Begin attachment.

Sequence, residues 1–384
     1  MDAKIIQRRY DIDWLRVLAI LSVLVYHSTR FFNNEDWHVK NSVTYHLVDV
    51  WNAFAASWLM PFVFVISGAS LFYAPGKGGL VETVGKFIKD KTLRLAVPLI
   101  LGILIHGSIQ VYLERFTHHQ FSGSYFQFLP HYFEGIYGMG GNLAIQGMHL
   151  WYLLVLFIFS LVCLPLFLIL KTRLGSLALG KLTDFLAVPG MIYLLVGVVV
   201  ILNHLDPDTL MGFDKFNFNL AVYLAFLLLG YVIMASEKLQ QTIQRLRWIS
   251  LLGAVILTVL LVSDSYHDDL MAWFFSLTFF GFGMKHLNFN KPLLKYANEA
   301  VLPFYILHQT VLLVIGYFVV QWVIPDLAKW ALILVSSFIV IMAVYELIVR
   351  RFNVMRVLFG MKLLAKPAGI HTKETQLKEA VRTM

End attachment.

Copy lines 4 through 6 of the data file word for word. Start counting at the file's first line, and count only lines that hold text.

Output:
   101  LGILIHGSIQ VYLERFTHHQ FSGSYFQFLP HYFEGIYGMG GNLAIQGMHL
   151  WYLLVLFIFS LVCLPLFLIL KTRLGSLALG KLTDFLAVPG MIYLLVGVVV
   201  ILNHLDPDTL MGFDKFNFNL AVYLAFLLLG YVIMASEKLQ QTIQRLRWIS